Three Social Emotional Learning Activities for your classroom

At, we want to make sure that educators have the resources they need to support their students. We’ve seen more and more teachers spend their donations on supplies for social emotional learning activities. 

To help, we’ve assembled some resources below for educators who want to integrate more social emotional learning activities into their classroom, and some ideas on how to receive donations for those supplies through 

What is social emotional learning? Why is it important? 

Social emotional learning, also known as SEL, was a growing practice in education prior to COVID-19, but the isolation and trauma that students of all ages experienced during the pandemic has made it a central part of many school recovery plans. 

Social emotional learning helps students build relationship and self-management skills so they’re able to cope in the present and prepare for their future adulthoods. You can learn more about social emotional learning, and how it intersects with the major issues of the modern era, here. 

Social emotional learning activities

1. Painting

“Art helps me relax. It helps me to calm myself down when I’m feeling stressed.”  – Fifth Grade Student, California

Fifth grade teacher Sarah G. applied for our 2021 Art Fund Grant because her students “need art to help control their emotions.” Since her students use art as a tool to mitigate their emotions and stay present in the classroom, Sarah used to secure paint, paint brushes, high-quality paper, and other tools that her students need for social emotional learning. 

“When I get angry, I start getting my paintbrushes and start painting. Art helps me when I get frustrated.” – Fifth Grade Student, California

Want to apply for the Art Fund, or another classroom grant that you can utilize for social emotional learning activities in your classroom? Register your classroom here.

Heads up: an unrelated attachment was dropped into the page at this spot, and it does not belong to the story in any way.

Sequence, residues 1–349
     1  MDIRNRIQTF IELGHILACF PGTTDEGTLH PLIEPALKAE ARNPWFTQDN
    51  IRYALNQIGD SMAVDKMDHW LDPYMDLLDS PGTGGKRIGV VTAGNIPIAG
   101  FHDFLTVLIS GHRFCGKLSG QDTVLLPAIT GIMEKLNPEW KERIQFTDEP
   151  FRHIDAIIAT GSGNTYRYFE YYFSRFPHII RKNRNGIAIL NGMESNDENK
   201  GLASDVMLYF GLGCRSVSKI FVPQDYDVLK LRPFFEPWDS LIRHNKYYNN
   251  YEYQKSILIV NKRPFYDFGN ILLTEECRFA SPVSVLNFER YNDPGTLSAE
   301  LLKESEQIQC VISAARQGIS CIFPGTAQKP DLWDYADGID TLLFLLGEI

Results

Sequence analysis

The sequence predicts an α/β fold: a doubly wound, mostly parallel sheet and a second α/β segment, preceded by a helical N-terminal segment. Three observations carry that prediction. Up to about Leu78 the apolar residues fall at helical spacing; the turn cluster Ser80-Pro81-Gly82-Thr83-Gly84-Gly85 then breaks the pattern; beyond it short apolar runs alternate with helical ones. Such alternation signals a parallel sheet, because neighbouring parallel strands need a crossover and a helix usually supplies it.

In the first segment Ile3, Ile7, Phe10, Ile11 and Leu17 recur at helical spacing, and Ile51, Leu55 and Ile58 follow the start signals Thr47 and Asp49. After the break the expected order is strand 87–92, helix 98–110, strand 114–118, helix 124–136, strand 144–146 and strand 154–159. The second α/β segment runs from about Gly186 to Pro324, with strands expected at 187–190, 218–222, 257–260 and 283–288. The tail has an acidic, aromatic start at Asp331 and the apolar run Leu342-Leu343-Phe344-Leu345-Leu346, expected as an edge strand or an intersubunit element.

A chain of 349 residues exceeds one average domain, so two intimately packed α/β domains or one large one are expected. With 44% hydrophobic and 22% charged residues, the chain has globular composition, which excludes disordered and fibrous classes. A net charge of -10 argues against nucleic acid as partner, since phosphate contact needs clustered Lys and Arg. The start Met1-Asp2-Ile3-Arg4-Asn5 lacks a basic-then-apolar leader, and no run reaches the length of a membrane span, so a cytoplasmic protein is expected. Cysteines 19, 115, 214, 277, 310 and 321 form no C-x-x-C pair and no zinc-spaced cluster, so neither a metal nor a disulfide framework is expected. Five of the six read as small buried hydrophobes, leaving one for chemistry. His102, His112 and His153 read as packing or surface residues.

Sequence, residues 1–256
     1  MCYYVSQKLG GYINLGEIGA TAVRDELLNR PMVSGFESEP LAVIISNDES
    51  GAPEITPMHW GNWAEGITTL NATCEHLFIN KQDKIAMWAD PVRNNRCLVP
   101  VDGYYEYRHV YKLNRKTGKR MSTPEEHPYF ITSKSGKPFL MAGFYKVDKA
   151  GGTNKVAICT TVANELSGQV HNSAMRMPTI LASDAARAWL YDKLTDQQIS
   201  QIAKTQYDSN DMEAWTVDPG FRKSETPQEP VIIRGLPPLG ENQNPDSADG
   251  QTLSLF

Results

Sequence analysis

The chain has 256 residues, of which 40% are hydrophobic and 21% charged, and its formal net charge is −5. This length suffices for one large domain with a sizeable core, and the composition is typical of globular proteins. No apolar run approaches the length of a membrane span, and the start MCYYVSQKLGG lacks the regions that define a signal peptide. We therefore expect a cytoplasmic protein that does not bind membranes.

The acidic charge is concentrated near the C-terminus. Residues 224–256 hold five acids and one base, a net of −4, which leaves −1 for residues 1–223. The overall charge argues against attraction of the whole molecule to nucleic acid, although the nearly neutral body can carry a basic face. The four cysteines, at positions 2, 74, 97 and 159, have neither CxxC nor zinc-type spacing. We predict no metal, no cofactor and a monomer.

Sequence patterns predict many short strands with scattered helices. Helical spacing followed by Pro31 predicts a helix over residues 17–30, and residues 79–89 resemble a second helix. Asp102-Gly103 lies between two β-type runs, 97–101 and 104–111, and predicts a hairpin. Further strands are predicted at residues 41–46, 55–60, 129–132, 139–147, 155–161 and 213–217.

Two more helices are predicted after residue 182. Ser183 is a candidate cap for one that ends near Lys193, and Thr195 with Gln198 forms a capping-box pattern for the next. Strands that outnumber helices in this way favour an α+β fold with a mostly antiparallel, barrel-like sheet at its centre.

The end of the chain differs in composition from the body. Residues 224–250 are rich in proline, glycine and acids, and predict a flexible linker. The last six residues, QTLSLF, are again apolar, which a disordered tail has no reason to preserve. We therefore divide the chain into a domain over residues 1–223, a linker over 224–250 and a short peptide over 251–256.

2. Yoga 

According to EdWeek, physical education has the potential to lower student anxiety and stress. After a period of prolonged social isolation during the COVID-19 pandemic, making time for physical education can help students increase their physical activity levels, lower their stress, and learn how to interact with their peers in a relatively low-stakes environment. 

Yoga is a great social emotional learning activity to get your students’ bodies moving. You can find a variety of free “Yoga for the classroom” videos on YouTube, including this quick routine from Yoga with Adriene. 

Adriana T., a school counselor, created a Zen Den for her students to do calming activities. After receiving funds on, she was able to purchase yoga mats for the Zen Den, an essential addition to help her students ground themselves. 

Looking for funding to enhance your classroom’s learning resources? Check out our current funding opportunities here. 

3. Start the day with a check-in 

As an educator, check-ins help you know what your students are feeling that day, and how that might impact their learning. For students, check-ins help them identify their emotions and become more comfortable with themselves in a public setting. 

Girls Leadership has 26 check-ins for both in-person and distance learning. 

Strategies for high school students

For older students, social emotional learning is not less important or desired, but explicit SEL programs may not connect with older students. EdWeek has some strategies for introducing social emotional learning curriculum to high school students. 

Need Supplies for your social emotional learning activities? 

You can apply for donations for learning materials through! To be eligible for classroom giveaways, grant opportunities, and donation matches, make sure you’re registered on here.